Our Capital Markets Series is composed of periodic reports and reviews on issues relevant and timely to today’s capital markets. Topics range from the current lackluster IPO market to a look at the capital markets structure.
Grant Thornton LLP Director of Capital Markets David Weild moderated Cushman & Wakefield’s CFO Roundtable event in Atlanta on October 7, 2011. In the Capital Market Series piece The tipping point: Is stock market structure causing more harm than good?, Weild and the panelists--Jeff Connaughton, Former Chief of Staff to Senator Ted Kaufman, Mark Grier, Vice Chairman, Prudential Financial, Inc. and Joseph Saluzzi, Co-founder, Themis Trading, LLC--share their thoughts on the current structure of the stock market and its historic function as a driver of job creation and capital formation.
Since 1991, the number of U.S. exchange-listed companies is down more than 22%, and when adjusted for real (inflation-adjusted) GDP growth, that percentage balloons to a startling 53%. Growth in a number of developing nations far outpaces that in the U.S. In fact, Asia’s listed-companies growth rate is even higher than its GDP growth rate. Grant Thornton LLP’s A wake-up call for America recommends solutions that address market structure issues and that, with thoughtful oversight, will advance the U.S. economy, create high-quality jobs, improve U.S. competitiveness, increase the tax base, and decrease the U.S. budget deficit — all without major expenditures by the U.S. government.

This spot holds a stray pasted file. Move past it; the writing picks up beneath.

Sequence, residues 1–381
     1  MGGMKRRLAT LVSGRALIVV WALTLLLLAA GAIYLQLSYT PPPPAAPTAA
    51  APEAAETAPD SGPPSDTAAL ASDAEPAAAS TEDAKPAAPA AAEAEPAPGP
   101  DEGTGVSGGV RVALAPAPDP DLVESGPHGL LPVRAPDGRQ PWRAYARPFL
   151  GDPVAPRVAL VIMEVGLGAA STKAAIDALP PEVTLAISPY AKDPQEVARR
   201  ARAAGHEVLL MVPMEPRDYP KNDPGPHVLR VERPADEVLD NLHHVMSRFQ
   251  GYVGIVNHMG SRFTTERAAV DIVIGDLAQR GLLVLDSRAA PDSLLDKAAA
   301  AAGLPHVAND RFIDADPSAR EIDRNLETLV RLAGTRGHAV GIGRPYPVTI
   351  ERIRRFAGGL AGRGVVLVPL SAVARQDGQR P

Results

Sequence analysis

Grant Thornton’s updated U.S. IPO market study finds a dysfunctional market structure that fuels unemployment and undercuts small businesses. The new analysis, Market structure is causing the IPO crisis — and more, looks at how the IPO market structure drives job losses, and it addresses misconceptions about the impact of private equity, penny stocks and inflation on new public equity offerings.
The most important provision of the Jumpstart Our Business Startups (JOBS) Act is a little-known section titled “Other Matters — Tick Size” (Title I, Section 106(b)). In it, Congress requires the SEC to conduct a study on the “transition to trading and quoting securities in one penny increments, also known as decimalization... [and] the impact that decimalization has had on the number of initial public offerings since its implementation relative to the period before its implementation.” Produced by Grant Thornton’s Capital Markets group, The trouble with small tick sizes offers quantitative and qualitative evidence that decimalization — a euphemism for the collapse in trading spreads, tick sizes and commissions — decimated the U.S. IPO market when it began in earnest with the 1998 implementation of Regulation ATS.